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PublicationDialogue Between Christians, Jews and Muslims: The Concept of Covenant as Basis2012-05-03 Fry, IanThis thesis examines in what manner and on what basis communities of Judaism, Christianity and Islam, the Abrahamic faiths, can engage in conversation-dialogue relating to the concept of covenant to enable a greater awareness of their relationship with God and the relationships between each of their communities. To achieve this task, this study critically examines the primary texts of each faith in the context of human history, their origins, development and interaction through a series of five epochs which has been identified and constructed as an integral part of this study.
PublicationDialogue: Responding in Faith in Christian-Muslim Interaction2013-10-08 Fry, Ian ; Fry, IanThis paper discusses dialogue between Christians and Muslims within a context of six matters. They are: key aspects of the world situation and circumstances in India; that the three Abrahamic faith communities are partners, each subject to a community-specific divine covenant, but each having a common obligation; the obligation is to enable all peoples to better understand and respond to their relationship with the sole and absolute Divine Creative Authority; the circumstances that resulted in their development as three covenanted communities in conflict with each other and with all other faith communities; that the circumstances of the inversion of the relationship between two great power blocs is consistent with the application of the penal clauses of each of the divine covenants; and the nature of dialogue, reassessment and cooperation that is necessary to offset the consequences of the misunderstandings, conflict and current divisions.
PublicationIT’S TIME TO TALK OUR WAY OUT OF CRISIS Try innovations in dialogue to end conflict between faith communities, in India and internationally(Master's Journal of Theology; N/A (N/A) ) 2014 Fry, Ian ; N/A, ; Fry, IanThis paper refers to the series of crises around the world that are represented by governments and media as separate and disconnected, states that they are all actually fragments of one major world crisis that is centred on the conflict between the State of Israel and the Palestinian people, and explains that they are all the consequences of religious disputation and conflict between communities of the three Abrahamic faiths, Judaism, Christianity and Islam. It then describes the inversion of relationships between the White Western Christian Bloc and the World Majority Peoples that is taking place as the consequence of a series of broken covenants, and proposes that the vital first step to a long-term solution is dialogue to arrive at a new understanding between those faiths that they are partners, each with a common obligation under community-specific divine covenants.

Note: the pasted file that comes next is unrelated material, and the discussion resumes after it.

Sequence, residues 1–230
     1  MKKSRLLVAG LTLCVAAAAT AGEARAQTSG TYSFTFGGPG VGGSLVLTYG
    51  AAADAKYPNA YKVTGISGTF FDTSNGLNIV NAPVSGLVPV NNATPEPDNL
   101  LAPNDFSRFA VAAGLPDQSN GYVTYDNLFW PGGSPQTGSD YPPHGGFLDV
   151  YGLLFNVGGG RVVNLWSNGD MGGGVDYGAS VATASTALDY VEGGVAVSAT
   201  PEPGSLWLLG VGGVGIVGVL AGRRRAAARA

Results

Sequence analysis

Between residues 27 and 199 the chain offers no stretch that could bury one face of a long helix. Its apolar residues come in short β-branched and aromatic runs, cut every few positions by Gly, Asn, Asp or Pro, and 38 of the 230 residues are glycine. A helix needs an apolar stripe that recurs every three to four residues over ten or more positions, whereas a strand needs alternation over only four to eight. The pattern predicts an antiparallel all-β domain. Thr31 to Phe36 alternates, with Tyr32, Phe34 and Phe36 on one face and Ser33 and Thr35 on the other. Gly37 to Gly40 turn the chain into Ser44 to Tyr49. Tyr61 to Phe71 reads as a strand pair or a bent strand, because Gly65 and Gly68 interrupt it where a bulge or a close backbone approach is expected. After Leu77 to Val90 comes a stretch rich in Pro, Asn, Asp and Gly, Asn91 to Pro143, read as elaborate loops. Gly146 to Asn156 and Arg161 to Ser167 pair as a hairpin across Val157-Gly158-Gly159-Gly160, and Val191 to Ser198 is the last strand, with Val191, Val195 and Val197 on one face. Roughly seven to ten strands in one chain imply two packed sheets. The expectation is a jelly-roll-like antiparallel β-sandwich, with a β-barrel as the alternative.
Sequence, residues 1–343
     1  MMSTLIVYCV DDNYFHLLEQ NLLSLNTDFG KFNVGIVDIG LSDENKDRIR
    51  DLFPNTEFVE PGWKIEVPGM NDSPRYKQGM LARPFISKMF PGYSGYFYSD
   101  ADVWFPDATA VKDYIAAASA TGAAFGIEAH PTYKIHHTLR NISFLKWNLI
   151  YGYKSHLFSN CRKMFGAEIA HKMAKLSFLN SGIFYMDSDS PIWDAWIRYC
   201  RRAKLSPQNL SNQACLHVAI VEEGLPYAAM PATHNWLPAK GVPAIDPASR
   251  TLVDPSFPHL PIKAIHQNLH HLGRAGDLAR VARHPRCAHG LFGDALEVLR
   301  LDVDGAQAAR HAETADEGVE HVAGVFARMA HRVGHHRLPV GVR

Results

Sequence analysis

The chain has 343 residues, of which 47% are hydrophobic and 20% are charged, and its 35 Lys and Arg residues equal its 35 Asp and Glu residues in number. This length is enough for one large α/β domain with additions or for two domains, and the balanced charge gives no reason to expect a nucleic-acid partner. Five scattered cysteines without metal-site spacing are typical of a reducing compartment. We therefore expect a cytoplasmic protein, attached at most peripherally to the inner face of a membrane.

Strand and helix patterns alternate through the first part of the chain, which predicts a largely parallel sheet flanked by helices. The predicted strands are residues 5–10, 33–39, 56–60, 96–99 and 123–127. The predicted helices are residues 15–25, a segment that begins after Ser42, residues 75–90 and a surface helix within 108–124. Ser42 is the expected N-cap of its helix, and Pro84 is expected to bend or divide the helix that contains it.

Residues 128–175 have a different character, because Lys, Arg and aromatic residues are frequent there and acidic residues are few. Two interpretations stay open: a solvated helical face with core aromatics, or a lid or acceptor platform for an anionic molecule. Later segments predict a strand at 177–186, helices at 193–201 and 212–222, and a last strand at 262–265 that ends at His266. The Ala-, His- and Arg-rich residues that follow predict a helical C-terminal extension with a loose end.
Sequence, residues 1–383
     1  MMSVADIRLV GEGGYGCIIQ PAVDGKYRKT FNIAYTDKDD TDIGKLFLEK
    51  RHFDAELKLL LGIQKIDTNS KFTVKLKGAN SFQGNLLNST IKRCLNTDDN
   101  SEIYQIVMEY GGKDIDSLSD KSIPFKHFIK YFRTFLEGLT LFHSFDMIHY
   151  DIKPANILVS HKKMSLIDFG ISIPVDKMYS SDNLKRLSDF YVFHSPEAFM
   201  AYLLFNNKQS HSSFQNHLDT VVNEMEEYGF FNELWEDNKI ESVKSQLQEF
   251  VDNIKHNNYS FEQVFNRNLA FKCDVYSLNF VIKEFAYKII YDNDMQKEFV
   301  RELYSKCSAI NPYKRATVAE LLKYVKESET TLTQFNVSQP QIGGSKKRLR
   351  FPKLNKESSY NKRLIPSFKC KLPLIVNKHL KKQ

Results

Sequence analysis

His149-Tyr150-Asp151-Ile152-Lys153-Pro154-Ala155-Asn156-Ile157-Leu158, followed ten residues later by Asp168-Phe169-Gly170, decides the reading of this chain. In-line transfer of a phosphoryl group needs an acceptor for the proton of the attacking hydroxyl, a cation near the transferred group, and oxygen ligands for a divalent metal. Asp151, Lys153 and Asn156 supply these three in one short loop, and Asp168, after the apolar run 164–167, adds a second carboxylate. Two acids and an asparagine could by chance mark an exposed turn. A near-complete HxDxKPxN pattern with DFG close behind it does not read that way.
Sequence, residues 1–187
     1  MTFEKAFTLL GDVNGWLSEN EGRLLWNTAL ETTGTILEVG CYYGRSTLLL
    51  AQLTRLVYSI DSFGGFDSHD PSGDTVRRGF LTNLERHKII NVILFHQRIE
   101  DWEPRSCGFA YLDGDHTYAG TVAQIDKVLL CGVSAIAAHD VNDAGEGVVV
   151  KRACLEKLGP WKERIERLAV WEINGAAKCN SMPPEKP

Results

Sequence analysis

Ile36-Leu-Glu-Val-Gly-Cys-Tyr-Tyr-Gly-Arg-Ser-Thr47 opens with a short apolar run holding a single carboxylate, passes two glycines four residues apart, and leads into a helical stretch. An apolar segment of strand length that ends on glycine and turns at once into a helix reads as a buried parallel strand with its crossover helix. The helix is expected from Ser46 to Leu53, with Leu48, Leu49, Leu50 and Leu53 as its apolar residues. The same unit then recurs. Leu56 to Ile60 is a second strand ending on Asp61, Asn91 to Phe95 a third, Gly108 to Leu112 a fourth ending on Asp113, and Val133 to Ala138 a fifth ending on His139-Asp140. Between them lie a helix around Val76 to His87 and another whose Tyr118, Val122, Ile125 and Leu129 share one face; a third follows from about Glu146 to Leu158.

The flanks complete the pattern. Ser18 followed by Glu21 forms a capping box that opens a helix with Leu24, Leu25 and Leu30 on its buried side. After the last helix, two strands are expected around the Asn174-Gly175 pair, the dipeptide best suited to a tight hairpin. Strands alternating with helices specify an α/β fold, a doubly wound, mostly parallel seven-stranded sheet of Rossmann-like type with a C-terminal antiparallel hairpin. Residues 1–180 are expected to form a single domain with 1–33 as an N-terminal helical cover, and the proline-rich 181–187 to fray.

PublicationBroken Covenants and Broken Relationships: Guidelines for Cooperation in a World in Transition2011 Fry, Ian ; Luca, Anceschi ; Camilleri, Joseph Anthony ; Wicking, Andrew P. ; Palapathwala, Ruwan
PublicationA Time to Celebrate Achievements … and to Tackle the Next Big Challenge – Dialogue2013-10-12 Fry, Ian ; Fry, IanThis paper is written in the context of a celebration of the achievements of Sri Ramanuja Mission Trust and its founder, Swamy Chaturvedi. It discusses the challenge for governments that have responsibility for education, training and community services at all levels in a nation in which one in every five people is a child under ten, another one in four are under 20, only one in three people are in the prime working period of 20 to 45 years of age, and only one in five are in the senior management pool of 45 to 65 which provides most political leaders. It notes that they come under pressure from commercial interests, especially those in the non-essential consumer goods sector, tourism and hospitality, and arms and defence procurement industries. It then refers to the added strains caused by the inversion of relationships between the White Western Christian Bloc and the World Majority Peoples, and the need for development of greater community cohesion through programs of dialogue between each of its faiths.
PublicationThe Tripwire to More Questions than Answers2013-09 Fry, Ian ; Karickam, Abraham ; Palapathwala, Ruwan ; Fry, IanThis paper notes that concept of ‘life after life’ cannot be considered in theological, scientific or philosophical isolation. There has been no consensus or spontaneous knowledge of the possibility or the reality of ‘life after life’ within or between any faith communities. Traditional beliefs have not kept pace with scientific discoveries or an understanding of human history, and they must be reviewed in the context of the origins of life, whether there is an external force that had, or has, a role in those origins, and whether there is an ongoing relationship between living creatures, both human and non-human, and the creative force. The paper then briefly identifies the beliefs held in each of the major world faiths, questions the implications of some of those beliefs, and proposes that research by scholars from different faiths working in close collaboration would help towards an understanding of which early beliefs may have direct application in considering human life and which beliefs may be more relevant in considerations of environmental matters and inter-species relationships.